The critical legal issue joined is one of specific statutory interpretation. FDA claims that under Section 507 of the Food, Drug and Cosmetic Act, 21 U.S.C. § 357, it is not Required to certify new versions of a previously approved antibiotic when the agency has decided the drug is unsafe and has initiated statutory procedures to remove it from the market. Barr argues that under 21 U.S.C. § 357, certification is the exclusive means for assuring that an antibiotic meets safety and efficacy standards. It therefore presses on the Court its view that once certification requirements are established, manufacturers need only comply with those requirements and may not be asked to re-establish safety or efficacy of the drug itself so long as the certification is in effect.

 After careful review of the thorough submissions of both parties, the Court concludes that defendants' view must prevail. Section 507, enacted in 1945, furnished specific procedures to govern the pre-market testing of the antibiotic penicillin and its derivatives. The provision was passed in haste, to guard against possible health hazards associated with the greatly expanded commercial availability of penicillin in a peacetime economy. The need adequately to ensure safe and effective use of penicillin, then the only extant antibiotic, was a clear and overriding purpose of the legislation. See 21 U.S.C. § 357(a) (1976); United States v. An Article of Drug . . . Bacto-Unidisk . . ., 394 U.S. 784, 798, 89 S. Ct. 1410, 22 L. Ed. 2d 726 (1969). See generally H.R.Rep. No. 702, 79th Cong., 1st Sess. (1945); S.Rep. No. 410, 79th Cong., 1st Sess. (1945).* The precise legislative provisions are therefore to be read against the background of this central objective.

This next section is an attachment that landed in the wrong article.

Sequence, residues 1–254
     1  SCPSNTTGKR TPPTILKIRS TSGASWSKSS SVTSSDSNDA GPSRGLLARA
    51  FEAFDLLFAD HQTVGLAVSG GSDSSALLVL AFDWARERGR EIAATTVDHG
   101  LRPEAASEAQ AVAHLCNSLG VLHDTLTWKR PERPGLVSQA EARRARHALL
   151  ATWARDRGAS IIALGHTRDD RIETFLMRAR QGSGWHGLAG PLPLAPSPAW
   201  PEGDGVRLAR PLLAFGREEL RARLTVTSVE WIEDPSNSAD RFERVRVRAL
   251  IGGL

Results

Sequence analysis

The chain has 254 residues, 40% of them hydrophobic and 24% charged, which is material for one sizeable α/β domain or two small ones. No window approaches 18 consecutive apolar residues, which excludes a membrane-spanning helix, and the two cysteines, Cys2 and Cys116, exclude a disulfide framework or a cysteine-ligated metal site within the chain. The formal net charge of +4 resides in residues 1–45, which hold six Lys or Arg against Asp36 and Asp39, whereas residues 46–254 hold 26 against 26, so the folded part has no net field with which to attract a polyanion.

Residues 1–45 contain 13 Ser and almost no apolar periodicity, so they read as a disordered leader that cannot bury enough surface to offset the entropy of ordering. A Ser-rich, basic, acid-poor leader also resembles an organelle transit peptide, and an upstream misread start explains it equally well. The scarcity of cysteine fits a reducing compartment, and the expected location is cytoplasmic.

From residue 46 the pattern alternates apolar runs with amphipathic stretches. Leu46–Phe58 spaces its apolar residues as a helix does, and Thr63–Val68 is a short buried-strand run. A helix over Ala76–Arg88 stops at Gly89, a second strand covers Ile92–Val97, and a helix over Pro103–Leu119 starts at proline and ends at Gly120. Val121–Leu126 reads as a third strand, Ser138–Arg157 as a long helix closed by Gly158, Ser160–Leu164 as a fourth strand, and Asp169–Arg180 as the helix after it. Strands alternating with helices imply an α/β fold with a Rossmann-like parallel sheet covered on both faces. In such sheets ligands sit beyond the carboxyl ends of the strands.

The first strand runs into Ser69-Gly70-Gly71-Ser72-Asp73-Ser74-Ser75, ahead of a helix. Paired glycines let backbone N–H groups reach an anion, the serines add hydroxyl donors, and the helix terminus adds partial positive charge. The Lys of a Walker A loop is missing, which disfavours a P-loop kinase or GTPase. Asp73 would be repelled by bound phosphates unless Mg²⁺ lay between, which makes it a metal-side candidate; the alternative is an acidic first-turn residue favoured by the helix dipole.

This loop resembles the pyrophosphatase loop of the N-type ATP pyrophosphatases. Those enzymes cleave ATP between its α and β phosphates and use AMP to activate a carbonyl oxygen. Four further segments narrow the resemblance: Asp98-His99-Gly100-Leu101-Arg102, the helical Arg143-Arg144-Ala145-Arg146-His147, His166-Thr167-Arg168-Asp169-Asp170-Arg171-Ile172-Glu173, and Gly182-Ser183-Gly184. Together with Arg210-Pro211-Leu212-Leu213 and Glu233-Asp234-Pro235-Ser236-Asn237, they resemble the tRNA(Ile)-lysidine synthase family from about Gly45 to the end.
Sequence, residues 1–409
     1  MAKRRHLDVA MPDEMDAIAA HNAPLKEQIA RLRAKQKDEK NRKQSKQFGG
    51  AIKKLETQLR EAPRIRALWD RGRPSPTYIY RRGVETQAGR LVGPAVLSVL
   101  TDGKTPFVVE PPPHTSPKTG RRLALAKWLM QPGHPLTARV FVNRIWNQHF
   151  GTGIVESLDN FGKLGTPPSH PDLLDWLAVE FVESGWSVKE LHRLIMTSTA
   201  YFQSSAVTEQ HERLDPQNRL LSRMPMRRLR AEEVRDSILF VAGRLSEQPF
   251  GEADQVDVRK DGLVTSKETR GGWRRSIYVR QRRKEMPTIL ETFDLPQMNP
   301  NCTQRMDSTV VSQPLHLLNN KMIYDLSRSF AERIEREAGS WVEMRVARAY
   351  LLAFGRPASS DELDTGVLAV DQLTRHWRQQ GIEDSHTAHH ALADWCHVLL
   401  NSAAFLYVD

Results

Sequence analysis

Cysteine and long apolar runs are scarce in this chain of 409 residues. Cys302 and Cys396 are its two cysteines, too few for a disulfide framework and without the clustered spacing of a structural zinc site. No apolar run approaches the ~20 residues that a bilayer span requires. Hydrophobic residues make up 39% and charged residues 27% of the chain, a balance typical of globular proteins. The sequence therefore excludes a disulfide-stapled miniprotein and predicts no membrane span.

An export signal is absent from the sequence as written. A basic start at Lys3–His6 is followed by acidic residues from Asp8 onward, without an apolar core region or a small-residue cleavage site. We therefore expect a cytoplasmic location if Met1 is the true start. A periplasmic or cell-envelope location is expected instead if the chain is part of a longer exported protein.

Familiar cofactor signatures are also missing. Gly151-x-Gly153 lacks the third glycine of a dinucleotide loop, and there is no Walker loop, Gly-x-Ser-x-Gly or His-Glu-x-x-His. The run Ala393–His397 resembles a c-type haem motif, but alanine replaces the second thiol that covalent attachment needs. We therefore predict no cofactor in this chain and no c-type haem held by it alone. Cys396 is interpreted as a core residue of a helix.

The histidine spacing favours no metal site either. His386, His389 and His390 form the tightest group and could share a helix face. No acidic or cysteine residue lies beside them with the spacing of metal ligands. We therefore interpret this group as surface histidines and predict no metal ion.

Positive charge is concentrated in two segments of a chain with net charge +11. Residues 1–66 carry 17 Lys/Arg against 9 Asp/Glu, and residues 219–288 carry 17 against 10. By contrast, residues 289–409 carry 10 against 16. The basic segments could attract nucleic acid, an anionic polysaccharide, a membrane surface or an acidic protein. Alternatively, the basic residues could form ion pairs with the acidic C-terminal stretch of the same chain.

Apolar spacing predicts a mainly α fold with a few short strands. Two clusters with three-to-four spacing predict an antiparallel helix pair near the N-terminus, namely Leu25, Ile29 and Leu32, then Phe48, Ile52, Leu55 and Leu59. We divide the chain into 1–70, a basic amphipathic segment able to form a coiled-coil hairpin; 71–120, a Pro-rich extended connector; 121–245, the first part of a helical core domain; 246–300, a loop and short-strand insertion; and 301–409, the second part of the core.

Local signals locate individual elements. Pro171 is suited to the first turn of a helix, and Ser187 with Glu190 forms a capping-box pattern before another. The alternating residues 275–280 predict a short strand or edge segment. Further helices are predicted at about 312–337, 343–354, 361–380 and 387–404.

A court must avoid overly literal statutory readings that would bring about results completely at variance with the recognized legislative purpose. If such a possibility arises, judicial reliance on legislative history is appropriate in an effort to arrive at a reasonable statutory interpretation. See United States v. Public Utilities Comm. of Cal., 345 U.S. 295, 315, 73 S. Ct. 706, 97 L. Ed. 1020 (1953); Aviation Consumer Action Project v. Washburn, 175 U.S.App.D.C. 273, 535 F.2d 101, 106-07 (D.C. Cir. 1976). In this instance, the particular words of § 357(a) may appear to suggest that an applicant in plaintiff's position need simply meet standards of identity, strength, quality and purity in order to have his version of an already certified drug automatically approved for marketing. The Committee reports, however, indicate that the expedited approval procedure outlined in § 357(a) was not intended to encroach upon the agency's broad duty to make basic determinations as to safety and efficacy. Instead, the certification scheme should be read as imposing an additional control on top of safety requirements first identified seven years earlier in section 505 of the Act, 21 U.S.C. § 355. See H.R.Rep. No. 702, Supra, at 3; S.Rep. No. 410, Supra at 3. Moreover, a literal reading of § 357(a) would severely impair FDA's ability to prevent increased distribution of antibiotics which it has determined pose a hazard to public health. Having reassessed the safety and effectiveness of "ee," defendants have in effect concluded that the certification regulation itself is no longer an adequate guarantor for public safety. So long as the revocation proceeding is being vigorously pursued, and in light of the clear remedial purpose of the statute, the Court must not deny the agency the authority to refuse to certify new manufacturers. See generally United States v. An Article of Drug . . . Bacto-Unidisk . . ., 394 U.S. 784, 89 S. Ct. 1410, 22 L. Ed. 2d 726 (1969); Pfizer, Inc. v. Richardson, 434 F.2d 536 (2d Cir. 1970).